Physicians, recognizing the need for real-time fibrinolytic information as well as the inadequacy of ELT, have turned to alternative viscoelastometric methods, although not approved, to gather information on fibrinolysis. Thromboelastography (TEG®) and rotation thromboelastometry (ROTEM®) are point-of-care devices that detect systemic changes of in vivo coagulation and coagulopathy. Thrombelastography measures shear elastic modulus during clot formation and subsequent fibrinolysis.

TEG and ROTEM are fairly accurate at detecting hyperfibrinolysis, but ineffective for lower-grade levels of fibrinolysis. And, although the tests are far more efficient than ELT, they still require a fair degree of technical expertise and training (18). The equipment is rather expensive, and the use of reagents along with yearly service and maintenance costs (19) makes the devices impractical for smaller hospitals not looking to spend tens or even hundreds of thousands of dollars. TEG and ROTEM also require a significant amount of blood and 15 to 20 minutes to complete (20). Although this is a monumental leap forward from ELT, a patient's levels of fibrinolytic activity in trauma situations can be unpredictable (21) and change as rapidly as minutes. Again, this makes them impractical for many OR or ER situations.

It is for this reason that physicians need a rapid, point-of-care diagnostic that can monitor fibrinolytic activity in real-time. The ability to provide true real-time feedback to physicians for optimal, case-specific administration of critical treatments to counteract hyperfibrinolysis during surgery or trauma management would be an important diagnostic tool, not only to improve outcomes and potentially save lives, but in simpler "low-hanging fruit" measures including using less blood during transfusions or less thrombotic or anti-thrombotic drugs during surgery.

FibriLyzer - The First Rapid, Point-of-Care Diagnostic for Fibrinolysis

Exactus Inc. is developing a handheld, point-of-care, rapid diagnostic for the detection of fibrinolysis called FibriLyzer™. FibriLyzer is the first point-of-care device delivering accurate measurements of fibrinolytic activity using a single drop of blood in only 30 seconds. The device requires minimal training and is highly efficient to perform, even during critical OR or ER procedures. As noted above, this type of real-time information will help surgeons prevent damage to surrounding tissue (or death) due to a clot or bleeding risk, monitor for elevated risk of thrombotic events including myocardial infarction, stroke, deep-vein thrombosis, and pulmonary embolism, and monitor fibrinolytic activity during the administration of blood products or thrombotic and antithrombotic medications including TXA, tPA, or Factor XIIa.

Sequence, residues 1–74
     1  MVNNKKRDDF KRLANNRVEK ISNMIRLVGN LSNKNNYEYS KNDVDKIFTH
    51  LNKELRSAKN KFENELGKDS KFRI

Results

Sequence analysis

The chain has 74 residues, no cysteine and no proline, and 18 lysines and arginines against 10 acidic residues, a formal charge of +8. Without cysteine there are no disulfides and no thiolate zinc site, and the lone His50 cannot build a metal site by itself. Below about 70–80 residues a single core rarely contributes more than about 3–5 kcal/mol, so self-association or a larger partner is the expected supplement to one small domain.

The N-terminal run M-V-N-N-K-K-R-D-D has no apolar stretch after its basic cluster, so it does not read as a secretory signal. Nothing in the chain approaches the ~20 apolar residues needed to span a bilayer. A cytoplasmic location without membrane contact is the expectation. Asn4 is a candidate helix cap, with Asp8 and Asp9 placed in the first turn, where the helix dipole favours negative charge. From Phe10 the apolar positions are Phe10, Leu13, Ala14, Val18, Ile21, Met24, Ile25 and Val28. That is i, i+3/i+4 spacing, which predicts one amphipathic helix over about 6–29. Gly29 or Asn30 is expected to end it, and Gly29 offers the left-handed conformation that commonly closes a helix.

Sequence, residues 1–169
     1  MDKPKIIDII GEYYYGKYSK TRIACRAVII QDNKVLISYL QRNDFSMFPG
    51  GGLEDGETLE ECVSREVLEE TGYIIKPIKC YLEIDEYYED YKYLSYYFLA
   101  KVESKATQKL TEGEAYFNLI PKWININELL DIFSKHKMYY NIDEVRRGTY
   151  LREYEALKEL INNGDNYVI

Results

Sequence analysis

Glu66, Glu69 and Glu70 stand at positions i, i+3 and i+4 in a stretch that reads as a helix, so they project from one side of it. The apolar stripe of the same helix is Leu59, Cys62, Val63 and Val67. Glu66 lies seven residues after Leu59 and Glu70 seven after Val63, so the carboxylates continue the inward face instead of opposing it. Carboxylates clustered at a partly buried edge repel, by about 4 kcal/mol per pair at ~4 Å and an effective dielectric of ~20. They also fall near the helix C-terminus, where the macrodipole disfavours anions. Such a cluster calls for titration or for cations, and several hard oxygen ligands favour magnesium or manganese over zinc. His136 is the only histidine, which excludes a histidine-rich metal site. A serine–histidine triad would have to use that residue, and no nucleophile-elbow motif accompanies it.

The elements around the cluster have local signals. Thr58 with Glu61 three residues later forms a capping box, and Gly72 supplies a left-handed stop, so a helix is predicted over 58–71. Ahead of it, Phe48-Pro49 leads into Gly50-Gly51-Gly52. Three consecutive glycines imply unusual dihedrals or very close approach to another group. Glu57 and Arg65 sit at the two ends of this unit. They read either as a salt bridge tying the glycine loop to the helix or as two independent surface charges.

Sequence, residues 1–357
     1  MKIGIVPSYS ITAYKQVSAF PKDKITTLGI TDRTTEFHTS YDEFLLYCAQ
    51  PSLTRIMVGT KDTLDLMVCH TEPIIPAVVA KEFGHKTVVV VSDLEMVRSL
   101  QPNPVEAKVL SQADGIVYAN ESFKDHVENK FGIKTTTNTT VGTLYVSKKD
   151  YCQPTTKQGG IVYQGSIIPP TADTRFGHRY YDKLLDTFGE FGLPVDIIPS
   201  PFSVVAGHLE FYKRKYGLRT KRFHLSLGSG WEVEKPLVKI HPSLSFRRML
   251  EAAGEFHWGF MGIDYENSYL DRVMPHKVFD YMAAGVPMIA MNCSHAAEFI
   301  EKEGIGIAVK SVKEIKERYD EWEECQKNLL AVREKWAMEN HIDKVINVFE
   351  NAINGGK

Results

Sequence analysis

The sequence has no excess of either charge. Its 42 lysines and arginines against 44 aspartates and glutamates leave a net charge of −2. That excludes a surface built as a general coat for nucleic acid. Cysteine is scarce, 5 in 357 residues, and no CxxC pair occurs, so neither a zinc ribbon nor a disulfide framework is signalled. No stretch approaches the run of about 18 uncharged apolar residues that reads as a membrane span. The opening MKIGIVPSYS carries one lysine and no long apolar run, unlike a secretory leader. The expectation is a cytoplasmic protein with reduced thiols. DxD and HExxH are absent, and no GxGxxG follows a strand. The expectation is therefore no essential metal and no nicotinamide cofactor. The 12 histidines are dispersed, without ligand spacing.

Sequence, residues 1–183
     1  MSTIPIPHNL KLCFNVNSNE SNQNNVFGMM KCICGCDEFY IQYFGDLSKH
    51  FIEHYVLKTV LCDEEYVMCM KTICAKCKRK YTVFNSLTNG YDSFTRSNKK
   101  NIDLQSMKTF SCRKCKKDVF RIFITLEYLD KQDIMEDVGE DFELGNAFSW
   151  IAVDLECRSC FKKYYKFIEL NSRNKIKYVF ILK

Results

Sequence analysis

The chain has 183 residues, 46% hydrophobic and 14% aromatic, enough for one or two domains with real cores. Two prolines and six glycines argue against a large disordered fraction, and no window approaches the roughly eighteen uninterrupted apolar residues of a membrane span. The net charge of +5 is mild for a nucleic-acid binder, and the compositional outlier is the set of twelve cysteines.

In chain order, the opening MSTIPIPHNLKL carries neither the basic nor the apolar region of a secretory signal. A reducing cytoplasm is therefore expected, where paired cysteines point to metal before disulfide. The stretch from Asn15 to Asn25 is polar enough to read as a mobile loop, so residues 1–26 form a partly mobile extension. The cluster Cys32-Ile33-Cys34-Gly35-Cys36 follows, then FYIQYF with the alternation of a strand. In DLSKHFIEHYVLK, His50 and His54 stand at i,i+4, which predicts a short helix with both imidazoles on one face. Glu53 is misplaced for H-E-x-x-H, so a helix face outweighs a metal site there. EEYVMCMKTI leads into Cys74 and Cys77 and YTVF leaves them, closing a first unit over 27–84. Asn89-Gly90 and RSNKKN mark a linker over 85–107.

The FibriLyzer works to determine fibrinolytic activity by the rate at which a proprietary synthetic fibrin matrix is dissolved by enzymes in the blood. Similar to a blood glucose monitor, a biosensor strip is inserted into the reader. A drop of blood is placed in an opening on the device and transported via capillary pressure, which begins the test. As the synthetic matrix dissolves, a proprietary electro-active polymer (Elactomer) is released that increases the electrical current across the biosensor. The fibrinolytic activity is determined by the current reading at 30 seconds.

Exactus performed a proof-of-concept trial with a beta version of the FibriLyzer in Eastern Europe. A total of 92 patients were enrolled, including 62 patients from the cardiology ward and 30 healthy volunteers. As early as 10 seconds, cardiovascular patients displayed elevated readings which exceed the test range of healthy volunteers. Many relevant cases had received anticoagulants, and extended time had elapsed since the acute events. A post hoc detailed review of the cases yielding the highest readings showed thrombotic symptoms. Triplicate testing demonstrated a very high concordance indicating excellent reproducibility of the technology.